Many businesses focus so much time and energy chasing new clients that they forget about the clients they already have. This is a risky strategy at best; there’s no guarantee that the new clients you’re pursuing will come on board. And if you ignore your current client base, you risk losing clients who could provide new business in the future, through referrals and by offering you more work. The fact is that you can’t properly nurture current business if you’re busy hunting down mere possibilities.
If most, or all, of your attention goes to acquiring new business, odds are you aren’t giving current clients what they need.
If you follow these five fundamentals of current client cultivation, you’ll rarely have to go out and plow new territory. In fact, most of your business will come from existing clients:
1. Pay attention to your existing customers. If you don’t, you can be certain they will seek out your competition—who is only too ready to pay attention to them. It doesn’t matter how good you are at courting new business if you ignore the customers you already have. When your clients don’t feel cared for, even if you delivered what you promised and technically did your job, you will lose business. You need to manage clients once you bring them in, as success lies not in the sheer number of clients you have, but in your clients’ sense of well-being, trust and satisfaction with who you are and how you treat them.
2. Manage your clients’ expectations. If most, or all, of your attention goes to acquiring new business, odds are you aren’t giving current clients what they need. Deliver substandard work and they’ll go away. On the other hand, if you are actively looking at the needs of your current clients, are sensitive to what they expect, and give them your best, you’ll meet and exceed their expectations.
If your clients want a report Tuesday at noon, and you can’t deliver it until close of business Tuesday, call and tell them. Or, promise something Friday and find a way to deliver it by Wednesday. Managing clients’ expectations simply means looking at potential issues and handling them before they become problems—a strategy easily done if you’re properly tending your clients.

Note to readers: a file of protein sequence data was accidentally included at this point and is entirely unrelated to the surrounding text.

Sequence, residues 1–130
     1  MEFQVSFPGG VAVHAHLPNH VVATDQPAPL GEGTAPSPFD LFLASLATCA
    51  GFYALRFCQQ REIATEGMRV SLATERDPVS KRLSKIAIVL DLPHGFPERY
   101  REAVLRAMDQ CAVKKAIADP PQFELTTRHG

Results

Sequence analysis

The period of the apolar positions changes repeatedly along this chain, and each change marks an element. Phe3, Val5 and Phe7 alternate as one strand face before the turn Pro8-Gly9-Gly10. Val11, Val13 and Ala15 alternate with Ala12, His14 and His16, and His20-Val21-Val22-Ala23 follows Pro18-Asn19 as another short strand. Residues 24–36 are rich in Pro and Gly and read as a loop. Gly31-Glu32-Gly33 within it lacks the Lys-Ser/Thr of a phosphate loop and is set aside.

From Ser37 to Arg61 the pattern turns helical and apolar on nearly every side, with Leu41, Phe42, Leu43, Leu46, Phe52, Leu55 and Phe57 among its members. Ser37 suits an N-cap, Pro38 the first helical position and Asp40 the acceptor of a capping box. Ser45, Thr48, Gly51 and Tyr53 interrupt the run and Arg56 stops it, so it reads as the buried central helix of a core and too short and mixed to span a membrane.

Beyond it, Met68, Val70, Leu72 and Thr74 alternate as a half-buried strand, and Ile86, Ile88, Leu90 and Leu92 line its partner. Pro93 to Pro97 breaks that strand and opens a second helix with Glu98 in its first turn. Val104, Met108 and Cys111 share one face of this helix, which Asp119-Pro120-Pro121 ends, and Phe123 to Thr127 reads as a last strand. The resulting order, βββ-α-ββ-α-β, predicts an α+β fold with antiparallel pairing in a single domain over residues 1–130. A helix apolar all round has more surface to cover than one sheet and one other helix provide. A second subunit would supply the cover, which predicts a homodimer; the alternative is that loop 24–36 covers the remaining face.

3. Be the solution for the future. Growing existing clients is far easier than prospecting for new ones; you’ll spend less energy, time and money. Show clients how you can serve them beyond what you’re currently doing, and they’ll come to think of you as a resource in the future. When something comes up, satisfied clients won’t look to someone else to handle it, they’ll give the business to you. And even if they know you can’t do it, they’ll ask you for a referral.
For example, a current client who’s been properly nurtured, whose needs and expectations have always been met by your organization, might ask for your advice about someone to draft a contract for him. Although that’s not your area of expertise, happy clients see you as the solution. You’ve met their needs consistently, and they come to expect that you will be able to do so repeatedly and into the future.
4. Get in their face. To feel a sense of continuity and a connection with you, your clients need to know you. To make this happen, you need to be where they are, literally, on a regular basis. You can’t sit behind your desk, email the work to them and expect to build a relationship—even if you do the work well. If you are an absentee business, clients are not going to think of you, even when you call them on the phone. So, if you have something to deliver to a client, do it in person, rather than by email, or do both, so you make yourself available. Take loyal clients to lunch and woo them. Make client calls. The more often you can be there, the more often they will give you business.
5. Ask for referrals. Satisfied clients will happily refer you to others who have problems you can solve. There’s that new business you want so much! And you’ll come to it with the endorsement of an organization that already thinks the world of your work. Don’t hesitate to come out and ask for referrals; it won’t occur to some clients to point you toward others unless you ask them to.
Used with permission. All rights reserved.
Marsha Lindquist is a business strategist, author and speaker. As CEO of The Management Link Inc., she has more than 20 years of experience as a business consultant who works with her clients to transform their organization through her Value Advantage formula. For more information visit www.MarshaLindquist.com or email her at Marsha@MarshaLindquist.com.